To be honest, I use to not give homework. It was in accordance with the Montessori philosophy of work being on each child’s specific level. I refused to give out busy work and just couldn’t figure out how to differentiate homework assignments for 20 children without spending hours upon hours each evening after school setting them up. I also felt that since my students were working so hard during the school day, and many had a series of after school activities, they didn’t need extra work to worry about.
But than I heard from many of my former students and their parents that the hardest transition they had to make when entering a traditional classroom was homework. I felt badly.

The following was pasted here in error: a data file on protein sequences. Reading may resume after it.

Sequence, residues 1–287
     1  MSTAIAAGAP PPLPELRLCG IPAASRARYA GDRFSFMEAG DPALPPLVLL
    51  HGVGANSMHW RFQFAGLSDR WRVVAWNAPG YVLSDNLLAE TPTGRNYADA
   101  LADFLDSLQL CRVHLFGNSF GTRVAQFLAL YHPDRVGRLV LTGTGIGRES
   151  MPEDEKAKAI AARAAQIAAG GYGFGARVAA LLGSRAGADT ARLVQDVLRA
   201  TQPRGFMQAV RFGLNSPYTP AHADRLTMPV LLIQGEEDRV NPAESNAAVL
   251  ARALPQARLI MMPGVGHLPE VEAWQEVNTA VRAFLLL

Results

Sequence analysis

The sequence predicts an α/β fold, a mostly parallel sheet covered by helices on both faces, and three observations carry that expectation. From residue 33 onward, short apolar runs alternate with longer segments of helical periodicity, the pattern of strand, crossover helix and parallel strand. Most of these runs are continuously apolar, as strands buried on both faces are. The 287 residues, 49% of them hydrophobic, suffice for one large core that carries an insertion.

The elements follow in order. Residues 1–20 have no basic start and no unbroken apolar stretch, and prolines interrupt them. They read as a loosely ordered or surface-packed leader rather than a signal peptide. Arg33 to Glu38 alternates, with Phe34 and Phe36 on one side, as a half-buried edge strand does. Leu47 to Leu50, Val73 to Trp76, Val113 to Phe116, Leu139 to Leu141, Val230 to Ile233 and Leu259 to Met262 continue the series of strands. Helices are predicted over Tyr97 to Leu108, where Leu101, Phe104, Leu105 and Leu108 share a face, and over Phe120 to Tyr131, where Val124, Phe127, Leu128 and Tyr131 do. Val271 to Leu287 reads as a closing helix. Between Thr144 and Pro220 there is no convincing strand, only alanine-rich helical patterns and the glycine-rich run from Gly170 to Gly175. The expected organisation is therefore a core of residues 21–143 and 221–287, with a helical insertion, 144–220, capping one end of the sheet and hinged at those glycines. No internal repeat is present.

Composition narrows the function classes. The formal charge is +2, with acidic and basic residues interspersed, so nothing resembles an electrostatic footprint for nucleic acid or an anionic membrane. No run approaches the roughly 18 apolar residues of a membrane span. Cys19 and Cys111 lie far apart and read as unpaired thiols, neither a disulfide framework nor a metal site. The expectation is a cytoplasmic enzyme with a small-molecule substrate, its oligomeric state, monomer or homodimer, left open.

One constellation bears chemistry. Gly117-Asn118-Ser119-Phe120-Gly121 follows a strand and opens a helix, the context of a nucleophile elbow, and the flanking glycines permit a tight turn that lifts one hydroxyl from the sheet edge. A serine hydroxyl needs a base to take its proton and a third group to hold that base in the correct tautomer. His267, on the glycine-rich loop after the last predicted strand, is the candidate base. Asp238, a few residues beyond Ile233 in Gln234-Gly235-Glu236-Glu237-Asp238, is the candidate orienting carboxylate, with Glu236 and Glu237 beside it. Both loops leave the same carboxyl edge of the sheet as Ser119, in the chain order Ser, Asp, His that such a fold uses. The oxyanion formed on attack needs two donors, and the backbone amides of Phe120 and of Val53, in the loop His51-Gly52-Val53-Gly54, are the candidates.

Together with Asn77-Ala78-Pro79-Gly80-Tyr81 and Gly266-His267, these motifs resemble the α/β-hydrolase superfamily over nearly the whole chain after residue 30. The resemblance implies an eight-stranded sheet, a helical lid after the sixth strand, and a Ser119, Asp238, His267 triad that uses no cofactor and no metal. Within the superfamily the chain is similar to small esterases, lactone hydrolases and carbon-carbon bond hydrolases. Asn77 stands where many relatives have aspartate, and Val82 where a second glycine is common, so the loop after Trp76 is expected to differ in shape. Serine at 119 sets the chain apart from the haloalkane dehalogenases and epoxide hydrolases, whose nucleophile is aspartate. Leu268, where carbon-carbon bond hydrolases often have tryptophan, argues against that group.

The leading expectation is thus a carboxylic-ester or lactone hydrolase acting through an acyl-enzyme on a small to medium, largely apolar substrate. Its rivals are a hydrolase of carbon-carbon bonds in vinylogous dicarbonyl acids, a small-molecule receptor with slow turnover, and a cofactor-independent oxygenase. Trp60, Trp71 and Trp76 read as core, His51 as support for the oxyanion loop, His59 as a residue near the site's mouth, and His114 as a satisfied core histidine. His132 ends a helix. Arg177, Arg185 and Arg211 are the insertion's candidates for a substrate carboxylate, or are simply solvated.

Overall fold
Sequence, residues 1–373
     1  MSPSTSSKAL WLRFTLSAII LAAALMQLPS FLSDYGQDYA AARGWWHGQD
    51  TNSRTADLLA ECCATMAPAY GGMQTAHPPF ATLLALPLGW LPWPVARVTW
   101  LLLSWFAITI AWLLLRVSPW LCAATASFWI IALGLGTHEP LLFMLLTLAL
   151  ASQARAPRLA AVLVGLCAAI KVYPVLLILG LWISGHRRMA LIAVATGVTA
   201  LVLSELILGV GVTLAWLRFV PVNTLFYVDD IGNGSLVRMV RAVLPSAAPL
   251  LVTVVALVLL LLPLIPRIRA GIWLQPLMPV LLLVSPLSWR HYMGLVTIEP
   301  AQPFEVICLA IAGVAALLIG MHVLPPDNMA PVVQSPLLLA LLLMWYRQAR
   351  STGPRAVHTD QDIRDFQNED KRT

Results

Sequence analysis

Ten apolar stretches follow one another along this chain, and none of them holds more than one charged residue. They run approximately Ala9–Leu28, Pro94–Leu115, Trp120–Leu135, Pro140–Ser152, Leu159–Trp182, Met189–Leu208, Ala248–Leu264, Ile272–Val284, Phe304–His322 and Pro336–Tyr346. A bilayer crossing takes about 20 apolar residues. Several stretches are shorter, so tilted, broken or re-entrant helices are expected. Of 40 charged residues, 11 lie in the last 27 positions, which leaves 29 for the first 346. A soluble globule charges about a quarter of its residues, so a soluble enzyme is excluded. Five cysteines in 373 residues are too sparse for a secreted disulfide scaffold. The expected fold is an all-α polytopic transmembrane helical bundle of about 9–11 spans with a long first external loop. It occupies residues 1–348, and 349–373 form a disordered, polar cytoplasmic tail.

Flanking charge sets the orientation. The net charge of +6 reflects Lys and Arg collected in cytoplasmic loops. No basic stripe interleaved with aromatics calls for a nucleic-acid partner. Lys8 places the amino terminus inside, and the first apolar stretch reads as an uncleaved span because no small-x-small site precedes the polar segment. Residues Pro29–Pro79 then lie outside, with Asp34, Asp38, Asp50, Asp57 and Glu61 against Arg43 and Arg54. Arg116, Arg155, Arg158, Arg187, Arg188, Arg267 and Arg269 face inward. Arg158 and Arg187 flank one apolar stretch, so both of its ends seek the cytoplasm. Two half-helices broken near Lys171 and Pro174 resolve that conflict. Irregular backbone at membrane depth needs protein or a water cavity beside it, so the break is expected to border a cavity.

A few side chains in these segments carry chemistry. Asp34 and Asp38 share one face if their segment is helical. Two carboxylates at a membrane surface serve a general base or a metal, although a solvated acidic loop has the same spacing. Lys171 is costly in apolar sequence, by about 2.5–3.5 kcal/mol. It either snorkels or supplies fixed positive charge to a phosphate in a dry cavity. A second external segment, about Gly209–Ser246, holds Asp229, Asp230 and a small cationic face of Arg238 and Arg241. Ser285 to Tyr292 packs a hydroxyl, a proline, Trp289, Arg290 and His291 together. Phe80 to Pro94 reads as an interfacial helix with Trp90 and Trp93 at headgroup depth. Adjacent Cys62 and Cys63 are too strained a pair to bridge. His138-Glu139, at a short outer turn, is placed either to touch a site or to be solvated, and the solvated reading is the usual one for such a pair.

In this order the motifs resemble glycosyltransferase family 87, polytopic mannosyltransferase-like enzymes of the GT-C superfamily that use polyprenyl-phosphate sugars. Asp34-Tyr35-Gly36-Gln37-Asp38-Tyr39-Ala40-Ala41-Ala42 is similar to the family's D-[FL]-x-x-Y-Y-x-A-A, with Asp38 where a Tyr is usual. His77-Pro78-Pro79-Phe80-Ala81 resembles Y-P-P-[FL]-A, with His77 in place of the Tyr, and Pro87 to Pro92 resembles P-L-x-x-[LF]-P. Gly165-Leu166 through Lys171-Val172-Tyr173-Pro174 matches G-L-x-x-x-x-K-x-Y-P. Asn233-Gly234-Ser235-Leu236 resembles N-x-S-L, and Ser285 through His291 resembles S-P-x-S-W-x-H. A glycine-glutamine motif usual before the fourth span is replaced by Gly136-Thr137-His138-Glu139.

Today the children in our program all get homework. The younger children (k -1) have a lot of leeway, choosing from a long list of suggested activities.The older children (2 -3) have three parts each night to their homework:
- A sheet of 100 math facts at the level they personally are on
- A fluency reading passage where each night they read a passage through once and then see how many words they can read in one minute.
- A list of 20 spelling works with different activities for each night.
Additionally, for the 2008-2009 school year, I am adding a page of comprehension questions for the fluency reading passage that will be do each Friday.